Monday, August 24, 2015

Half of the Critical Positions are Open at some VA Hospitals

About one in three jobs are vacant at nine of the nation’s regional Veterans Affairs health care systems, leaving veterans waiting weeks to get care.
Nationally, one in six positions — nearly 41,000 — for critical intake workers, doctors, nurses and assistants were unfilled as of mid July, in part due to complex hiring procedures and poor recruitment, according to critics of the nation's network of 139 hospitals and clinics that treat veterans.
The vacancy data obtained by USA TODAY through the Freedom of Information Act offers the first look at how serious staffing issues are at some VA hospitals and clinics. It also shows that at many locations, unfilled jobs are driving up appointment wait times. USA TODAY's analysis found that even a 1% increase in job vacancies contributes to more appointments being pushed past a month-long wait.
This Veterans Affairs hospital in Phoenix is at the center 
of a management scandal at the Department of Veterans 
Affairs involving the doctoring of records to hide chronic 
delays in providing medical and mental health care 
to veterans.(Photo: Christian Petersen, Getty Images)
Some of the highest vacancy rates are for psychologists. In 13 regional health care systems, 40 to 64% of psychologist positions are vacant. Nationally, about 21% of such positions are vacant.
“It is unacceptable,” said Sen. Jon Tester, D-Montana, a member of the Senate Veterans Affairs committee. “This is a problem under bright sunlight now, and it needs to be fixed.”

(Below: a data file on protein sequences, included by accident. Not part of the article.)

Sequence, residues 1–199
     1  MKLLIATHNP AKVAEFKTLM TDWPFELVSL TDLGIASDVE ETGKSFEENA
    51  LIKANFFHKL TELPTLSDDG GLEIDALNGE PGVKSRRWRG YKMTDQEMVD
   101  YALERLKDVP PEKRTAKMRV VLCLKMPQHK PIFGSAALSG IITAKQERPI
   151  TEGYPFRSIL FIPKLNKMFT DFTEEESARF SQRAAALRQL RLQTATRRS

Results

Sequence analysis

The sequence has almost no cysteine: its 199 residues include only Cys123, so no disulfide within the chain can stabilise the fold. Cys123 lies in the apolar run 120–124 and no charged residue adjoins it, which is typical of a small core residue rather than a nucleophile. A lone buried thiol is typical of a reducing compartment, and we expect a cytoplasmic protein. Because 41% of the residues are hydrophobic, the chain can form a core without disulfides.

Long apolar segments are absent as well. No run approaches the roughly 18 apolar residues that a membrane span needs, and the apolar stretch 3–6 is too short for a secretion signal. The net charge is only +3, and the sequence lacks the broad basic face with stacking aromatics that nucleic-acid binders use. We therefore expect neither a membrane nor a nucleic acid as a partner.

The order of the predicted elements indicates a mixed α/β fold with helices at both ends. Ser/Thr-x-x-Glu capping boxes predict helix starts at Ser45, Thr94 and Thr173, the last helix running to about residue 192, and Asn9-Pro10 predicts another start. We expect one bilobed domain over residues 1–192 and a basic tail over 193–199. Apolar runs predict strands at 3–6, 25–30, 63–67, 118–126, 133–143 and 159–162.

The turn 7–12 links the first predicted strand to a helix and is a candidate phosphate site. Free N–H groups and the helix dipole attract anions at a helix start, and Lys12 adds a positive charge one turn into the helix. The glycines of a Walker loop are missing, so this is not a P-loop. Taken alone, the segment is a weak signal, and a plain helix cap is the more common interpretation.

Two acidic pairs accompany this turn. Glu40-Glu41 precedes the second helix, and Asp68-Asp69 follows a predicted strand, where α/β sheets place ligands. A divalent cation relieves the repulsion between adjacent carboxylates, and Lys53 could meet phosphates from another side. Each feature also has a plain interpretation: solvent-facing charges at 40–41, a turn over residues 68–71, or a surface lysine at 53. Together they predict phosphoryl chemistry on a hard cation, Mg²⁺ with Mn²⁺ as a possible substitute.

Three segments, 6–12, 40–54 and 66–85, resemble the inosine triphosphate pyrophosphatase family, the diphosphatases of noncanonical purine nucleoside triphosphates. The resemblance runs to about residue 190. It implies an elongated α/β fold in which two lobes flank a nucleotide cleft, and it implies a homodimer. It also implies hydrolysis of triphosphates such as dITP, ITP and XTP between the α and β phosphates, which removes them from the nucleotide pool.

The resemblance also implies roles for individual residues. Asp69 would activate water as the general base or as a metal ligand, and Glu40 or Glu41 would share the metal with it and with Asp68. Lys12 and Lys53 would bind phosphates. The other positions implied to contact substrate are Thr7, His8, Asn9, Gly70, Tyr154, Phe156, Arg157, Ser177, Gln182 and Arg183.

In Fayetteville, N.C., 59 of its 187 physician positions were open in mid July, and the hospital and its outpatient clinics had only half of the psychologists needed to be at full staff. Overall, a third of medical jobs within that system are vacant. A quarter of patients with pending appointments are waiting more than a month past their requested appointment time.
“This is something we’ve been dealing with for more than a year,” said Fayetteville spokesman Jeffrey Melvin, referring to the long wait times. “A lot of that stems from lack of space, lack of providers.”
He shouldn't have to wait months for an appointment
Melvin said Fayetteville had a hard time recruiting medical professionals to move to the area. And the hospital has high turnover because many employees are spouses of military members at nearby Fort Bragg, and leave when their partners are transferred to other bases.
Fayetteville is one of nine facilities with clinical employee vacancy rates over 30%. The others are the West Texas Healthcare System in Big Spring, Texas; Roseburg, Ore.; Long Beach, Calif.; Walla Walla, Wash.; Memphis; Reno; Togus, Maine, and Montgomery, Ala.
Read the rest of the story HERE and find a link to a related story below:

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